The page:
User: demo Topic: Housing
Category: Foreclosures
Last updated: Oct 16 2019 01:34 IST RSS 2.0
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Alexandria Ocasio-Cortez Grills Bankers on 2008 Crisis 11.4.2019 Newsweek Top Stories
Ocasio-Cortez questioned the CEOs of America's mega banks during a tense House Financial Services Committee session.
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Fine assessed against foreclosure lawyer Larry Castle overturned by appeals court 5.4.2019 Denver Post: News: Local
A Denver judge properly decided former foreclosure king Larry Castle and his law firm did not violate state laws designed to protect consumers but, according to the Colorado Court of Appeals, wrongly fined the firm for not disclosing certain business connections it had.
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After avoiding foreclosure, Charlie Sheen relists Sherman Oaks mansion for $8 million 26.3.2019 Los Angeles Times - Living Green

Another month, another hefty price cut for Charlie Sheen’s Sherman Oaks estate. After avoiding foreclosure on the Mediterranean mansion earlier this year, the actor has trimmed the price to $7.99 million.

The “Major League” star shelled out $7.2 million for the home in 2006 and brought it to market...

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Paraglider crashes in Jefferson County, injuring pilot after craft plunged 200 feet 21.3.2019 Denver Post: Local
A paraglider crashed in Jefferson County on Wednesday afternoon, swiftly dropping about 200 feet, and the pilot  was taken to a local hospital.
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U.S. Supreme Court rules against Colorado homeowner, says foreclosure lawyers are not debt collectors 21.3.2019 Denver Post: News: Local
The U.S. Supreme Court on Wednesday unanimously ruled that foreclosure lawyers are not debt collectors, ending a Colorado man's years-long effort to gut the state's century-old public trustee foreclosure system.
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Reverse mortgages, America’s most hated home loan, are making a comeback 14.3.2019 LA Times: Business

Professor Chris Mayer has a lesson for ­homeowners: Reverse mortgages, which let older Americans tap their home equity without selling or moving, aren’t as risky as some say. In an online video, he brushes aside “common misconceptions,” including fears about losing your home.

Mayer, a real estate...

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The death of ‘the world’s greatest salesman’ 13.3.2019 Minnesota Public Radio: Law & Justice
Though it won't, the world should pause for a moment to mark the life of Joe Girard, who was 90 years old when he fell at his home and died two days later. Joe Girard, of Grosse Pointe Shores, Mich., was the greatest car salesman in the world.
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NFL combine notes: Washington prospect Kaleb McGary has tackled a lot of adversity 1.3.2019 Los Angeles Times - Living Green

To hear Kaleb McGary tell it, his life is a country song.

The 6-foot-8 offensive tackle from the University of Washington has had more than his share of heartache in recent years, troubles that have toughened him and ramped up his hunger to succeed.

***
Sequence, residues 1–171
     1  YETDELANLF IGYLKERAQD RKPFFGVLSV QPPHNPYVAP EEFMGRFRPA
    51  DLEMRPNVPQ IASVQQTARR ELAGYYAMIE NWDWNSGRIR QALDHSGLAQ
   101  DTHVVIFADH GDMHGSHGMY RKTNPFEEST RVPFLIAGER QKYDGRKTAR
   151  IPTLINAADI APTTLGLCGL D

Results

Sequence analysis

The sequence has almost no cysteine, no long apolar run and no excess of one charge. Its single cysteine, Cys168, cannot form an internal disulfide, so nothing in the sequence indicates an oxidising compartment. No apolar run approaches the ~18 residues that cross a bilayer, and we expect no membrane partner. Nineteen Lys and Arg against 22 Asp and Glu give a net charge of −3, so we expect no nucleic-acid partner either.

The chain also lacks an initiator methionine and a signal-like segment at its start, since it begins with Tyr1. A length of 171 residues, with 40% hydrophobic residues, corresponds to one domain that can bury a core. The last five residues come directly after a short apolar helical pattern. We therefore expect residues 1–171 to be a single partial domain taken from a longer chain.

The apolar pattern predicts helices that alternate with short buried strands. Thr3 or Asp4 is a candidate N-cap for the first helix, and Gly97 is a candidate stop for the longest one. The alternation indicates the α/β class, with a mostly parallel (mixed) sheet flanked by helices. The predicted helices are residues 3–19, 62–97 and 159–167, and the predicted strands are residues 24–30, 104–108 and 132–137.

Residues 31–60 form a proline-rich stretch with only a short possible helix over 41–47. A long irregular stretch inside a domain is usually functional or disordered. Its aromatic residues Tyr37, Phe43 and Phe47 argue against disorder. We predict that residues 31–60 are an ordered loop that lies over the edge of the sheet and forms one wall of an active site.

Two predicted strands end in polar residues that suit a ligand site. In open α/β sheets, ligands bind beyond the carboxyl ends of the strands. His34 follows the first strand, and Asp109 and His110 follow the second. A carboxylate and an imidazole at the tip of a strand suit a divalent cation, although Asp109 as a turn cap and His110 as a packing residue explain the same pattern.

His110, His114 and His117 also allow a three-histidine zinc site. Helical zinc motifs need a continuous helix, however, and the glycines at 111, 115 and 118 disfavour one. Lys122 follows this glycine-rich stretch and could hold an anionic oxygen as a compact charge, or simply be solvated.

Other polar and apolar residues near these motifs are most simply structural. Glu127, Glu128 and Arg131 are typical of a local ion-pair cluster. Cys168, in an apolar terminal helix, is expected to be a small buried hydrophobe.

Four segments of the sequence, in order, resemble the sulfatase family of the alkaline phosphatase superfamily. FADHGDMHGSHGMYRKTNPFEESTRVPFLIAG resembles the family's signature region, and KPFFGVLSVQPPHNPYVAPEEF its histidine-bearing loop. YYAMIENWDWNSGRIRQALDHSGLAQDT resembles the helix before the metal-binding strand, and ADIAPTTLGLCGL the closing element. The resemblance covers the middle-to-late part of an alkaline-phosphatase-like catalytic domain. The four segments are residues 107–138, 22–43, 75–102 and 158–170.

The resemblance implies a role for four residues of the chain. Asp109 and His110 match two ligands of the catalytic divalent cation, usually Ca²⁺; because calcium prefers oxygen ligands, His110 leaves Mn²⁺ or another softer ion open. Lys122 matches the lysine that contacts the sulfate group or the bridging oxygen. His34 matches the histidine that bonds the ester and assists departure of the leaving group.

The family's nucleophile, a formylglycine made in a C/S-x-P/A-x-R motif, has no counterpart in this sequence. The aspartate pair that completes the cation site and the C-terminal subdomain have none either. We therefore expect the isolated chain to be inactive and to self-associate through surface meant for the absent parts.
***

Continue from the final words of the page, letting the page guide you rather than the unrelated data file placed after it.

“Football has been tremendous for me,” McGary...

Bank unloads Allen Iverson’s foreclosed home in Georgia 16.2.2019 LA Times: Commentary

Allen Iverson’s former home, which he lost to foreclosure, has traded hands in Georgia for a dirt-cheap $725,000.

Wells Fargo & Co. took ownership of the estate in 2017 after suing the Hall of Famer for failing to make mortgage payments on the property, according to reports. Iverson paid $2.19...

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Young and Minorities Less Satisfied with Personal Lives 5.2.2019 Newsweek Top Stories
Americans are happy with their personal lives, a new poll reveals. Old, white Americans at least.
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Colorado foreclosure system under the microscope in U.S. Supreme Court case 25.1.2019 Denver Post: Business
Colorado's century-old public-trustee foreclosure system, the only one of its kind in the country, could be gutted if a Pueblo man wins his case before the U.S. Supreme Court, legal experts say.
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Remember the subprime mortgage mess? $1.2 trillion in risky corporate debt is flashing similar warning signs 20.1.2019 LA Times: Business

Indebted borrowers increasingly take out high-interest, adjustable-rate loans that are packaged into securities and sold to investors eager for a better rate of return.

Everything’s fine while the economy is growing. But when it slows, those borrowers could default, causing problems to cascade...

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Federal watchdog finds government ignored emoluments clause with Trump hotel 17.1.2019 Minnesota Public Radio: News
The Inspector General for the General Services Administration, said that agency lawyers decided to ignore the constitutional issues when they reviewed the lease after Trump won the 2016 election.
The Sports Report: Is Anthony Davis going to be a Laker or not? 15.1.2019 Los Angeles Times - Living Green